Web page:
Cantwell: An Open Letter to President Obama
- May. 14, 2012
- 297 Comments
I, like millions of other Americans, am ecstatic about your formal announcement affirming your belief that same sex couples should be able to get married. Especially in response to North Carolina’s ban defining marriage as between a man and a woman, a strong executive support of part of the LGBT community is a positive step in the right direction for American political discourse.
But, Mr. Obama, I want to emphasize that this is not enough. While this reflects a significant shift in the political discourse of our nation, gay marriage is incredibly minuscule compared with many of the challenging issues currently facing the LGBT community.
What are these challenges, you ask? Let me remind you. According to the Center for American Progress, between 320,000 and 400,000 gay and transgender youth are homeless due to their sexual and/or gender identity. Between 2008 and 2010, 539 individuals were reportedly murdered for being transgendered. Nearly 37 percent of LGBT youth have reported attempting suicide, with 58 percent of youth reporting having suicidal thoughts.
And yet, these issues represent only the beginning of the vast social inequalities of this nation. Declaring that you think same sex couples should be able to get married is great, but it does nothing to alleviate these issues.
As a moderate, socially aware, Midwestern woman, I am scared for the future of this country. Everywhere I turn, I seem to encounter new measures that limit the rights and freedoms of women and the LGBT community. I understand that you are a politician. I understand that you have campaign investors from an entirely different generation of this country. But I beg you, President Obama, please make an attempt to at least acknowledge these issues on a level above the relative triviality of marriage.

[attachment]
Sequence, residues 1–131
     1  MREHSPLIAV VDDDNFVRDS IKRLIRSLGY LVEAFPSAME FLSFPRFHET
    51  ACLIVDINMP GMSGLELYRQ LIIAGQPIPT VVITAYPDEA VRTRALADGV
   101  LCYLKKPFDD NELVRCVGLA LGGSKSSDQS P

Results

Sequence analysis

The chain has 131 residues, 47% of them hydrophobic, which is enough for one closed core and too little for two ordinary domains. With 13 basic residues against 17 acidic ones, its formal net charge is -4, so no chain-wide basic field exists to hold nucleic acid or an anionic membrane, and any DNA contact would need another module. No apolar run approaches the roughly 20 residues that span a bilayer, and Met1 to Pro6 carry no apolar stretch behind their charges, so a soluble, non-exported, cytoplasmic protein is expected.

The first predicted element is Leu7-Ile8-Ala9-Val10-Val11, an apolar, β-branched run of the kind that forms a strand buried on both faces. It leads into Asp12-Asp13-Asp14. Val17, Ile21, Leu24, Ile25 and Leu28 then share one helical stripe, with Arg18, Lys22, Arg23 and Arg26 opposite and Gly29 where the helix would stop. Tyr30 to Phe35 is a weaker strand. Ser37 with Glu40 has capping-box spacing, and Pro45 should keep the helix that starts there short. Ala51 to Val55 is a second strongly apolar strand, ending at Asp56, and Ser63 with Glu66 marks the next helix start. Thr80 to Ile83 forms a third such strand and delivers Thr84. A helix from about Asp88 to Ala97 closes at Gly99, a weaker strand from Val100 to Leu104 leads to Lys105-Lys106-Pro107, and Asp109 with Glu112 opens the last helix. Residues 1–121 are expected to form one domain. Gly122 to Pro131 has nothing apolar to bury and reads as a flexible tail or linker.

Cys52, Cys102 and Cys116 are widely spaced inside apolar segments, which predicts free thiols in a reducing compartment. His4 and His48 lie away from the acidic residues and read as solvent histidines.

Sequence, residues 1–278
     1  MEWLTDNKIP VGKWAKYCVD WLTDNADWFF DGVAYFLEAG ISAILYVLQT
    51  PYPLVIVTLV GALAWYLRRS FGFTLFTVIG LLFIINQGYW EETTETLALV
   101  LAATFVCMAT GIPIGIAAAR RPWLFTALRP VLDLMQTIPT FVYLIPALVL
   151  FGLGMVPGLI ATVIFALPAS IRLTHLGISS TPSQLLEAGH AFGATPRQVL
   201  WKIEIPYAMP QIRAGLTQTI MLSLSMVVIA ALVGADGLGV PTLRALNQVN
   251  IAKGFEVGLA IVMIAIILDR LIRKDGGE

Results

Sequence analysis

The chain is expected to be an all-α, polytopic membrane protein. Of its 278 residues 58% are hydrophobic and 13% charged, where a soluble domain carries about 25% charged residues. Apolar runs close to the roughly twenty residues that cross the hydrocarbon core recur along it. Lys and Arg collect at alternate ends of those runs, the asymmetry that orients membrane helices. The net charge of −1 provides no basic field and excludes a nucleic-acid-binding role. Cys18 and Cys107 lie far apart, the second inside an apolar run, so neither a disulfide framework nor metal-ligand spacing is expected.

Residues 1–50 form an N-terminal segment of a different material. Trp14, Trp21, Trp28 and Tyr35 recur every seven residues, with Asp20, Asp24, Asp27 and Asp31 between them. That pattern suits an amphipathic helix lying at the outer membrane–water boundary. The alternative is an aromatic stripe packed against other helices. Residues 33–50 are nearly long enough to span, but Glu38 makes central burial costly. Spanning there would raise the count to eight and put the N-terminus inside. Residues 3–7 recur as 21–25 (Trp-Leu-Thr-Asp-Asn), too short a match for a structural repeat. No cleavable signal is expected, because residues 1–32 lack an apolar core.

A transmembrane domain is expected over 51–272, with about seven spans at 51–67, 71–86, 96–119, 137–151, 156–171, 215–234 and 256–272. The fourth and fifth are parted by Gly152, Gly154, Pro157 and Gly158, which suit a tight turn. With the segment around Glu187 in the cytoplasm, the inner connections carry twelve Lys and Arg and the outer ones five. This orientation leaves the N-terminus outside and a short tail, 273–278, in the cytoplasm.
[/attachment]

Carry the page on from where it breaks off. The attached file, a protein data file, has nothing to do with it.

I believe in the power of grassroots movements — in fact, I think this is a major reason why you have even publically acknowledged that women should have control over their bodies and that marriage equality should exist. But history has repeatedly shown that in the instance of individual rights, government support and action is a necessary evil.
I’m not asking for sweeping reforms. I’m not even asking for any legislative initiatives. I’m simply asking for rhetorical support and acknowledgment by this administration on a level beyond what is politically advantageous or convenient for you.
Yes, I will certainly still vote for you this fall. Yes, I will continue to support a number of your policies. But when your campaign faces little risk of a loss (spoiler alert, GOP fans), you can afford to live up to your 2008 slogan of “Change We Can Believe In.”
President Obama, I believe in you. I WANT to believe in you. Please, don’t let my generation — and me — down.